When I first scrolled across the story, it was shocking that this could be happening again, and in this century! Though it was shocking enough to give me pause, I kept scrolling, hoping it was nothing but clickbait. Now, a week later, there is no denying the truth: in mid-November 2017, CNN reported secret footage confirming the sale of African migrants in Libya for as little as $400 per person. These migrants traveled to Libya with hopes to be smuggled into Europe, escaping the poor conditions of their homelands. Instead, they are being held captive without food or water, while badly beaten, sodomized or raped, and being forced to work in sub-human conditions without pay. They are being sold as property into indefinite slavery.
Cuba seemed to be positioned similarly as Americans have poured into the country in the last few years. As I was driven around the streets of Havana in their iconic vintage cars, we passed areas of construction. “A new hotel. It will be beautiful and facing the Malecon too,” my driver explained. The Malecon, considered the family sofa of Old Havana, is a low bearing stone wall that separates the streets from the bay. Every night that I passed by the mile long Malecon, people gathered in large numbers, enjoying a beer, the simplicity of the stars sparkling on the water and music playing in the distance. It was prime real estate for new hotels and more tourist traps, but commercialism tends to drive local traditions away. I let out a heavy sigh, grateful that I had, at least, successfully beat McDonalds to Cuba. But, once I finally return again,
I’ve lived in Miami for all of 5 minutes and it’s time to evacuate. So here I am, sitting in a Tallahassee airport at 3am writing about Miami instead of enjoying it. And of course I can’t think about Miami without thinking about my time in Cuba. [click the link for more]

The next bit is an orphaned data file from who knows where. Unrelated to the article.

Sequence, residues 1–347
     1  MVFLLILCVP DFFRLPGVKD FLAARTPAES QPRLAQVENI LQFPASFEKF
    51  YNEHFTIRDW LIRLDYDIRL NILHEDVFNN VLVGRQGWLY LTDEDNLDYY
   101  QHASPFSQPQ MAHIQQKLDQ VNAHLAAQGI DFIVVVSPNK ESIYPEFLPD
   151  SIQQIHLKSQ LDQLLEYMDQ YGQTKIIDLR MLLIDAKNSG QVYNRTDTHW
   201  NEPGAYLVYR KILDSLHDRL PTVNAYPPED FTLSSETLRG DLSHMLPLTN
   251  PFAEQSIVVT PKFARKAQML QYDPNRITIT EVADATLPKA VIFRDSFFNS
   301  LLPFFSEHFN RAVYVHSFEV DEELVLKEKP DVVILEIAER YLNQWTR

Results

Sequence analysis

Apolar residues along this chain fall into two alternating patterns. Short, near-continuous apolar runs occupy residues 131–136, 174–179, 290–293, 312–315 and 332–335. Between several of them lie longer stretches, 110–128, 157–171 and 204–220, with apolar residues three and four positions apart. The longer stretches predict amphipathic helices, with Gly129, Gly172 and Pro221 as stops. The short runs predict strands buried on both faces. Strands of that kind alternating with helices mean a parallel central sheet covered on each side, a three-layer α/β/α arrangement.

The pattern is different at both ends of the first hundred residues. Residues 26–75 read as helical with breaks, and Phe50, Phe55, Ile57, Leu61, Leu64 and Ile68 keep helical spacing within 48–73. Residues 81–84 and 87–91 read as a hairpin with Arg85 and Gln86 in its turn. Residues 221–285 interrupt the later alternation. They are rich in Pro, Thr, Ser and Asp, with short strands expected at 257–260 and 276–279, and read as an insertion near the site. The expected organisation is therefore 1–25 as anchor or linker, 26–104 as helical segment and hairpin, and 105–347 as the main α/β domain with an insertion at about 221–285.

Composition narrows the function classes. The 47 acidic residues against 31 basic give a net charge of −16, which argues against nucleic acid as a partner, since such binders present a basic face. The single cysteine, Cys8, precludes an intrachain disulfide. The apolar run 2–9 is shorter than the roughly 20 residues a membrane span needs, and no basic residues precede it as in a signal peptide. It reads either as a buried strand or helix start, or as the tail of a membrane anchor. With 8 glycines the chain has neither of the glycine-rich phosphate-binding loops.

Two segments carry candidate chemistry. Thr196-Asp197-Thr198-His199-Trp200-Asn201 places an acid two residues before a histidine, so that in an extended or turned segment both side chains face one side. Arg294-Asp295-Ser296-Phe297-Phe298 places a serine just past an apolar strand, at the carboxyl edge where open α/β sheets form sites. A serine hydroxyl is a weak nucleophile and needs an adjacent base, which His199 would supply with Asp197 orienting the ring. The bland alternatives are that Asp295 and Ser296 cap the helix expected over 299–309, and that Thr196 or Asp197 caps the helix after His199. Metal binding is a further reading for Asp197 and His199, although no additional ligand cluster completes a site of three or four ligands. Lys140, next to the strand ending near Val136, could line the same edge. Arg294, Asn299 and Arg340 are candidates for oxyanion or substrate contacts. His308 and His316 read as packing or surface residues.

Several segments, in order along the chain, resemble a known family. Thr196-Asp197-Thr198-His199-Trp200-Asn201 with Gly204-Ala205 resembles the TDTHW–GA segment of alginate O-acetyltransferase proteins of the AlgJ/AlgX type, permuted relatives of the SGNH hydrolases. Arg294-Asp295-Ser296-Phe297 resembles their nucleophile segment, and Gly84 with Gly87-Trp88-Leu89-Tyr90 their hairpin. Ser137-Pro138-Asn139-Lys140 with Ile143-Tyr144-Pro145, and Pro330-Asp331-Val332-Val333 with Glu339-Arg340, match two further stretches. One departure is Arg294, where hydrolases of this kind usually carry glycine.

Well after people get over the fact that I’m hardly home (but always reppin’), they ask, as a nomad, how I will ever establish a sense of stability? After a little over a year, I’ve encountered thousands of people, many languages, various cultures and a rainbow of different outlooks on life. Travel became my addiction
“Another round?” Shamelessly, I wanted to visit with Enrique again and of course claim my 3rd glass of his velvety port. ”Guapa. You are having fun?” Call me guapa one more time, I thought mischievously. “Yes! And I’m going dancing with you tonight!” His eyes widened as he smiled. “Bryan me invita!” I explained in my broken Spanish.
[Read page one: Occupying Ferguson… and page two: Conquering Fear] Although I was absolutely willing to put my life on the line, it wasnt time yet. I wasnt ready to die on the front lines of this cause when I felt like I had done so little to move the culture forward. The best weapon
[Read page one: Occupying Ferguson]At that time in 2014, I was tangled deep into the black web of Tumblr. The power of online social justice warriors stretched its arms wide and kicked its feet under the nose of the sleeping giant that has become this country. Organizers posted meetings, discussions, lived feeds, think pieces, poems,
Three years ago, today, I was driving in heavy stop-and-go Atlanta traffic. Per usual, I expected to reach maximum frustration after 90 minutes when I could make the final left turn into the parking lot of my workplace. That Monday, August 10, 2014, V-103's DJ Frank Ski stopped all the music on the station to